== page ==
Republic to the United States, and Gon
zales Quesada, tbe secretary of legation,
with other prominent supporters of the
revolutionary cause, will go to Cuba to
consult with President Cisneros as to
future conduct of the battle of freedom.
Gens. Gomez and Iaceo are both said
to have expressed the opinion that noth
ing can be accomplished under the pres
ent system of fighting. They do not want
to go on struggling, as during the ten
year's war, with no hope of gaining the
freedom of the island, utiles tbey secure
recognition as bclligore: ts from the United
States.
To do this, it is claimed by both the
commanders, that they must inaugurate a
campaign of the most rlestructive charac
ter. Heretofore, when parts of their
armies have invaded a town, they have
simply driven the Spanish forces out and
then have themselves retreated.
The plan now is to make forced marches
upon all the interior cities, and after af
fecting their capture, destroy them. They
cannot do this, however, without the
sanction of the Cuban juDta in the United
Statas aud it is for the purpose of settling
the issue thus raised that Palma, Quesada
and others have been summoned to the
island.
How these leadeis will get to Cuba is,
of course, a mystery to all save them
selves. It is stated on good authority
that three large expeditions are to be sent
out from different places in this country
and that they will unite aud land at a
designated point.
The vessels will be armed and prepared
to fight if they should bo overtaken by
Spanish cruisers. At the same time that
the three large expeditions go out there
will be other ships sent to the coast as
decoys. The leaders in the movement
have no apprehension of their ability to
effect an ending.
It is expected that tbe conference be
tween Cisneros, Palma, Quesada, and
others will result in a decision to start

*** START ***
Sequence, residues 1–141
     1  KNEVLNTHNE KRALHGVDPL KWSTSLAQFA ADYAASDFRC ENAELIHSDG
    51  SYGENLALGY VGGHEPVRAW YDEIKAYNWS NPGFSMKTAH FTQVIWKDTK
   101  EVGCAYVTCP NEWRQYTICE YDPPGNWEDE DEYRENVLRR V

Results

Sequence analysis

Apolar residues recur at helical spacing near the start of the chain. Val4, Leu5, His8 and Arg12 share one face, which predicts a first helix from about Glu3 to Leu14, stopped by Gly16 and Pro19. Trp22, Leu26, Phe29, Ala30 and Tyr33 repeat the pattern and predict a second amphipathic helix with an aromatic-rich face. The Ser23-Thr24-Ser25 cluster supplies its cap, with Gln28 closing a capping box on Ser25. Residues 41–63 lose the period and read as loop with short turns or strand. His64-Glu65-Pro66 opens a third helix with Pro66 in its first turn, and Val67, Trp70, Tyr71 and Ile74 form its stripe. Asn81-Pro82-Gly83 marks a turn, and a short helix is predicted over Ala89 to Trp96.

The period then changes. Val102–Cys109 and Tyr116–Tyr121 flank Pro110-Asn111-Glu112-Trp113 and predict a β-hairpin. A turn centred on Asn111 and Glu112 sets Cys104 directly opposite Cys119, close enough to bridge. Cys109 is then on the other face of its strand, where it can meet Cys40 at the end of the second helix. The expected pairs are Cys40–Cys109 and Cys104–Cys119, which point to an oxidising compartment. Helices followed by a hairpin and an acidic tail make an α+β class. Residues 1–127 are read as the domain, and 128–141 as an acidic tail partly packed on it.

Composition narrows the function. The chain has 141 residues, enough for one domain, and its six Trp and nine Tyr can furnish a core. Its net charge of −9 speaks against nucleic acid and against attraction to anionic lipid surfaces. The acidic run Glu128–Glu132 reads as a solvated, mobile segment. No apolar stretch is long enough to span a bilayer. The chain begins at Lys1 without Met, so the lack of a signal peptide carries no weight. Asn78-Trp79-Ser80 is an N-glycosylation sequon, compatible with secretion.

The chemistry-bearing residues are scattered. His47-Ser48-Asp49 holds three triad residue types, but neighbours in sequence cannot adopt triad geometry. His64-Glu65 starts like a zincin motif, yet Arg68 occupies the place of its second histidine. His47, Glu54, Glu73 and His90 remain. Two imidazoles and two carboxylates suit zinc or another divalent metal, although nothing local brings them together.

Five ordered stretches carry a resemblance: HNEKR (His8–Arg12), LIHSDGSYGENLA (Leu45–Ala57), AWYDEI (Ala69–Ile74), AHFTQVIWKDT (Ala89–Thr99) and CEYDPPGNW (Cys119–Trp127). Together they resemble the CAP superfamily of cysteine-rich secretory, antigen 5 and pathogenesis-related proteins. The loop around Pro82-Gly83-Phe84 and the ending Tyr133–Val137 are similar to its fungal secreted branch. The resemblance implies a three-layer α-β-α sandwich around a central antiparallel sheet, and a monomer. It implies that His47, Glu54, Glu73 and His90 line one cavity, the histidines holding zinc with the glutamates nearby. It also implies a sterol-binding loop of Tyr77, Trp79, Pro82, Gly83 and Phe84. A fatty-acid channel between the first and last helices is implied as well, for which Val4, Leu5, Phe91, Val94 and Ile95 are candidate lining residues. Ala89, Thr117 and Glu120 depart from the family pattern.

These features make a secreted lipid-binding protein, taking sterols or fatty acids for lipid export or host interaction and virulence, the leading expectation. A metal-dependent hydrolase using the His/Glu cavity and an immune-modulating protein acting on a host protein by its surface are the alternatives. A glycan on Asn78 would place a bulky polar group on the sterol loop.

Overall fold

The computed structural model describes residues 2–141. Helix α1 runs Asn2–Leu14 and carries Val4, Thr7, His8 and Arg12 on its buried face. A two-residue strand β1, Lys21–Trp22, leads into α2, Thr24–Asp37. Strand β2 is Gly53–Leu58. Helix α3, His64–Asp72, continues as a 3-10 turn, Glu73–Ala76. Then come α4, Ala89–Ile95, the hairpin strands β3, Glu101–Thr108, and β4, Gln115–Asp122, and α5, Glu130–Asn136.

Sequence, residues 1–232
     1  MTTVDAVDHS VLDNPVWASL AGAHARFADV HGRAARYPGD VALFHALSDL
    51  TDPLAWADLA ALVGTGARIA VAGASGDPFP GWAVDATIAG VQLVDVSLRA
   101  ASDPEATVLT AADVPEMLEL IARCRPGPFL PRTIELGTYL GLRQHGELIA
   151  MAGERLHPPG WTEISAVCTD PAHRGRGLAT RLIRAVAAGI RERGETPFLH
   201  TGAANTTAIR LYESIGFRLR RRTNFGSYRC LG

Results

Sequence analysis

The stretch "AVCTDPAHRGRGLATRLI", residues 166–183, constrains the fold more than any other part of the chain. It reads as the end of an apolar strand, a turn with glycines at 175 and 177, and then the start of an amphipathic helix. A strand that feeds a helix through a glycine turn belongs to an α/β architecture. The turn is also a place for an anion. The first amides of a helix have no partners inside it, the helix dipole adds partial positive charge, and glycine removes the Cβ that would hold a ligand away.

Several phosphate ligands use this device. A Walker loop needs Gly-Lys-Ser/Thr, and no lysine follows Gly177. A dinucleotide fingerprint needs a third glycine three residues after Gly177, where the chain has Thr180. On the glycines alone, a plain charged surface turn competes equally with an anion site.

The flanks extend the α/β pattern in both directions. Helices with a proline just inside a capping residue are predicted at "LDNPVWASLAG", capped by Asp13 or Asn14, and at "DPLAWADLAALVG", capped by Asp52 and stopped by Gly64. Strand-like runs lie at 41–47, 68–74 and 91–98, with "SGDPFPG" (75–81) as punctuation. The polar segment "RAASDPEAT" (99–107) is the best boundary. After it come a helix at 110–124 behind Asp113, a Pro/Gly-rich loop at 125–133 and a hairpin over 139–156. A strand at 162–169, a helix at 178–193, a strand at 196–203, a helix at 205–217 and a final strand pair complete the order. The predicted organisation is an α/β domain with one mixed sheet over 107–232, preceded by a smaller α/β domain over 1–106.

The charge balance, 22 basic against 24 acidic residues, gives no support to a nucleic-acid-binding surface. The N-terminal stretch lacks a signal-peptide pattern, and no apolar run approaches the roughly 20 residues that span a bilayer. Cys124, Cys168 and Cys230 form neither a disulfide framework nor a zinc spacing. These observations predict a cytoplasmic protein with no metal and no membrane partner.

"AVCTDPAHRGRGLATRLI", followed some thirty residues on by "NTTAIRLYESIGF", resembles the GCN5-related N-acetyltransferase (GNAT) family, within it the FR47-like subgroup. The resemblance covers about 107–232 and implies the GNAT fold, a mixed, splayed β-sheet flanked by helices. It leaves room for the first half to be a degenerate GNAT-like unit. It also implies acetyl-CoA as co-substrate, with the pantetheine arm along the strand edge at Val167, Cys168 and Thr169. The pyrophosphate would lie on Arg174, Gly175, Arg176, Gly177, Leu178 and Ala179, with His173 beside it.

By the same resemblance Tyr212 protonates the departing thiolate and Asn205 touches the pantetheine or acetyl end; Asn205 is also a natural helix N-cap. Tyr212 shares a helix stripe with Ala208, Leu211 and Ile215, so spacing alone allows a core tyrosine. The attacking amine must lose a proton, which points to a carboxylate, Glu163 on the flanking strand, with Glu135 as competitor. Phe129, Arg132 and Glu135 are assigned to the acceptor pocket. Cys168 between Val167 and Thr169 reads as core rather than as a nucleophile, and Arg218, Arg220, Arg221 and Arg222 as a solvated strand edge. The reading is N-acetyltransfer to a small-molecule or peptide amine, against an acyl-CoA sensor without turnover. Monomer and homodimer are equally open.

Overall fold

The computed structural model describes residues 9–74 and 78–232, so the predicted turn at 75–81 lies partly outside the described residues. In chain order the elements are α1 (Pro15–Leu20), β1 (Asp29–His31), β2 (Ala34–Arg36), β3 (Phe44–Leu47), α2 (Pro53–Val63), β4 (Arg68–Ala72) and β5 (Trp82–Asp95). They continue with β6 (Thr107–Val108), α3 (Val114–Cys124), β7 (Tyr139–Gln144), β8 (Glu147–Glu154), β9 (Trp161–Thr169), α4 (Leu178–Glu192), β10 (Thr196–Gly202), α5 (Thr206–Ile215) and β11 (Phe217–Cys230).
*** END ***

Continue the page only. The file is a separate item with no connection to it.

both of the armies ot Gomez and Macco
on ihe ngressive about the first of October,
and that when a town is captured it will
be destroyed.
Mace it is said, would like to inaugu
rated line of action something akin to
Sherman's march to the sea, and it is be
lli; ved he will have his way.
A FOOL VOYAGE.
The Row Boat Fox Crosses tbe Atlan
tic Ocean. 3000 Mies iu 59 Days.
Washington, D. C. August 25
Dr. Chancellor, tbe American cousul at
Havre, has sent the State Department an
elaborate report upon the successful voy
age of the rowboat Fox across the Atlan
tic, illustrated by photographs of the two
seamen, Harbo and Samuelson, as they
arrived and several days later the charac
teristic scenes of their greeting in Havre.
The consul says they accomplished the
voyage from New York to Scilly, nearly
8.000 miles, in fifty five days, "thus es
tablishing a record in daring seamanship
aud human endurance hitherto unknown
to the world. The succtss of the enter-1
prise will at least serve-to inspire confi
dence and hope iu those who, from one
cause or another, may hereafter be forced
to resort to open boats on the open sea.''
The consul describes the approach oi
the Fox, which was signalled some bonis j
1. . i " 1 . . - - -I 1 . CT r. ,1 o a c li. '
; oe,u,e 1,11 - - ,
! enU'red tllL' dock "PPOSite ihe consulate,
j "the Stais and Stripes defaced aud tatter-:
! . 1 . . ,
led, but glouous even in r ,gs, floated
- . .
I pr.'U iiy at tne stern as n rejoicing in una
f ..... 1 l. ..1 .... m . lrt . im, . ,,1 tin. CO O
' LIC ill.U tlilJU !OU HHUIJ '.' utt
luey weric ucseuuec me luuou. cjt,Y-'
: them food and clothes out of tbe fund lor
4 . 4 1.. .. A. ni:,n... O-... nrtuciil not'a
destitute American seamen in foreign
ports.
Fusion In Michigan.
Bay City, Mich., August 25. The
Democratic silver .and Popu.ist conven